Surrounded by magnificent hardwoods like oak and Canadian hemlock, Findley Lake is the ideal summer retreat for those days when you need to shut off the outside world (and your phone) to just get away. Pine scents the air and the dense forest blocks out everything but the occasional sounds of a passing train. Explore the easily navigable 93-acre waters via kayak, watch as bright yellow goldfinches dive through the woods, listen to the water lapping at the shore and take a deep breath. At Findley Lake, it’s as if you’ve stepped inside the covers of a storybook.
Average depth: 10 feet
Deepest point: 21 feet
The Water: From fishing boats overflowing with families and fishing poles to packs of kayaks roaming the inlets, Findley Lake is a small boater’s haven. Rent a kayak from the park’s marina ($10 for the first hour and $5 for each additional hour) and set a leisurely pace. There is nearly no wake to speak of thanks to Findley’s electric-only motor restriction, which means the only thing you’re paddling against is the sporadic lake breeze. Once you’ve dodged the Canada geese milling around the beach, it only takes about two hours to explore the lake’s canals and bays where you can sneak up on great blue heron or slip your legs out of the boat to sun yourself next to painted turtles.
The Land: Nearly 16 miles of hiking and biking trails wind throughout the park. Adventure seekers can try their luck on the Thorn, a recently renovated and aptly named 11-mile mountain bike trail that twists its way through the state park. “We’ve rerouted the trail in a couple of spots to some new parts of the park that didn’t have any trail,” says parks manager Rocky Carpenter. Suitable for both novice and expert bikers, this trail climbs steep hills in meadows where the grass grows taller than the wheels of your bike and leads you back into the woods, where you might find yourself spinning in circles or stopped at a dead end.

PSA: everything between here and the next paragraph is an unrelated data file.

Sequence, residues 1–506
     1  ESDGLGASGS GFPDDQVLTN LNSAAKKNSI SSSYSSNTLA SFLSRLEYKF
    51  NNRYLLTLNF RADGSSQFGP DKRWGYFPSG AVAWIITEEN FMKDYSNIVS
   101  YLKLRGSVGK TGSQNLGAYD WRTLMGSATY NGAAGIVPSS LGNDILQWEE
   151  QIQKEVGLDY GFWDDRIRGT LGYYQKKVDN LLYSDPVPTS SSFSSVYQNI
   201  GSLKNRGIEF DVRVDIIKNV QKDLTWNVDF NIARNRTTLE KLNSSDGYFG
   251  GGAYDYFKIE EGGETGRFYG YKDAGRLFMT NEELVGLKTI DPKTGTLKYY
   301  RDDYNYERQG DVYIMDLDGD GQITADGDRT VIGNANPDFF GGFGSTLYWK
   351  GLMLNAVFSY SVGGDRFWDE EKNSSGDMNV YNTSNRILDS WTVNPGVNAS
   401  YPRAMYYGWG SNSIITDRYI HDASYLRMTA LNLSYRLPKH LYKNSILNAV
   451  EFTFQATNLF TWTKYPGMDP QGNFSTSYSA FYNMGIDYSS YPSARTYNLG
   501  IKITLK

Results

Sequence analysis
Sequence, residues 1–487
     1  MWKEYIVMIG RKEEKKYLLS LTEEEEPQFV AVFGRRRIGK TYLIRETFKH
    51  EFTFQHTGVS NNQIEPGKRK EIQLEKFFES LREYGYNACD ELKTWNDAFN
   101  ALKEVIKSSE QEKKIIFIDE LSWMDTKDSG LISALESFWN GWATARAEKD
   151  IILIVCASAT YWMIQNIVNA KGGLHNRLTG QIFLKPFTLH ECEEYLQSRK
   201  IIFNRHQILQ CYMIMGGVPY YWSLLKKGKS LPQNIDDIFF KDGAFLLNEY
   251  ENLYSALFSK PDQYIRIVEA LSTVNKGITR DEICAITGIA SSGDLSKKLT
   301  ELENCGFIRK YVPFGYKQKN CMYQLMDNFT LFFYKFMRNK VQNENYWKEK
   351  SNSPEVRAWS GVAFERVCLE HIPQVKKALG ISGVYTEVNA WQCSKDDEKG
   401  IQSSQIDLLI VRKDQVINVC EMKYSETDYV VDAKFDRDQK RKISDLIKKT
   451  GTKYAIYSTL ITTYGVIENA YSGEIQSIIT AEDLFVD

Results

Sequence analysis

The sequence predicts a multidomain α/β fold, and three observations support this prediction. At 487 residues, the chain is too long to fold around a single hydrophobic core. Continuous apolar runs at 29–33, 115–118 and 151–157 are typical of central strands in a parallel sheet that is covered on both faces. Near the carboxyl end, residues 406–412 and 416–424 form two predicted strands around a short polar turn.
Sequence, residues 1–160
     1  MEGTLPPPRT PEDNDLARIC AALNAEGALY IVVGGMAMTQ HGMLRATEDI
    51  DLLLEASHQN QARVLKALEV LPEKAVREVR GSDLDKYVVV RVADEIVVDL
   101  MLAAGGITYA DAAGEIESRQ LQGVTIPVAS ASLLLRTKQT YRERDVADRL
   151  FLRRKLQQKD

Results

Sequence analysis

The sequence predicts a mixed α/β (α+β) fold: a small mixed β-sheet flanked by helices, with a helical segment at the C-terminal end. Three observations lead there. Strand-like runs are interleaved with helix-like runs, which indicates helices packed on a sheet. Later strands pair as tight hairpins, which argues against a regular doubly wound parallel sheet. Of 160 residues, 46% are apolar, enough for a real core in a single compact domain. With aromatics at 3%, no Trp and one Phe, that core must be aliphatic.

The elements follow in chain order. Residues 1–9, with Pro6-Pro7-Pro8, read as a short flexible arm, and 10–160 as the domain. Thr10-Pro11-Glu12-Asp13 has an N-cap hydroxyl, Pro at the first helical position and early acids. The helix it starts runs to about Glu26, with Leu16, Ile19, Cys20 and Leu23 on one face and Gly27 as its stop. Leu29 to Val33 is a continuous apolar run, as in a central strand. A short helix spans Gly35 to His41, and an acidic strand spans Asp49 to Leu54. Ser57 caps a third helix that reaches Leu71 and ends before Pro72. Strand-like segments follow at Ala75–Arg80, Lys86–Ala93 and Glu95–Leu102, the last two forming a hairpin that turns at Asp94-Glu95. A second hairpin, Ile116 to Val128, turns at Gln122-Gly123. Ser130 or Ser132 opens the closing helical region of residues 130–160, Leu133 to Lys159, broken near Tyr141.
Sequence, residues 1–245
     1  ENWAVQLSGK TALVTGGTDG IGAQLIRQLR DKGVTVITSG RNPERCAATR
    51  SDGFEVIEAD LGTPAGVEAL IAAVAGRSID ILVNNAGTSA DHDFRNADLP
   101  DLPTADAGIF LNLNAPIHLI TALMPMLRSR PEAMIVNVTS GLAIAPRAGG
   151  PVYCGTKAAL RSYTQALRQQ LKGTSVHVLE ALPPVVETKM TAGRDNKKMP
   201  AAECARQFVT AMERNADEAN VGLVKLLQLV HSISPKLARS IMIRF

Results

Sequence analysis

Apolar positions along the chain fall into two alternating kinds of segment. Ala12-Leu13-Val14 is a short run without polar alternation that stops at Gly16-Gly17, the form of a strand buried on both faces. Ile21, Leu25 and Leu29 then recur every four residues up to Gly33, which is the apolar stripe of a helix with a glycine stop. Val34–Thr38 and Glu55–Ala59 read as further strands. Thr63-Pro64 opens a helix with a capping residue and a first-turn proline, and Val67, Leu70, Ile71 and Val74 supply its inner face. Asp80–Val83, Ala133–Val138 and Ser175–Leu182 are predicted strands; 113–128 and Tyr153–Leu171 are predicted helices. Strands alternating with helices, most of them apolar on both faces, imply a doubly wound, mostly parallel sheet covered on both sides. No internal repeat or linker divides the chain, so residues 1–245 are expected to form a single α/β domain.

Where to Stay: With 257 electric and nonelectric spaces and a handful of cabins, the southeast portion of the park is almost completely dedicated to the campground. It gets crowded, especially on holiday weekends and for prime spots, so reservations are important. But if you don’t mind roughing it a bit, reserve one of 90 primitive spaces. Under the shade of all those hardwood trees, you’ll have a bit more space and privacy.
Where to Eat: Take a 10-minute drive to downtown Wellington for a pit stop at Dog Tracks Diner. It’s got all of that classic diner feel with none of the grease. Grab a seat at the counter and bob your head along with the line cooks blasting Black Sabbath while they whip up the smothered chicken sandwich ($7.29), a tower of grilled chicken, mushrooms, onions and mozzarella cheese packed between two perfectly toasted pieces of bread. And if you order the curly fries, you’ll forget that you were expecting gravy on this sandwich.
Expert Take: Try your hand at either the newly renovated Findley State Park or Lost Island disc golf courses. Lost Island’s heavily wooded area and the water hole past the floating bridge may prove to be a bit difficult for beginners, but the challenge is all part of the fun.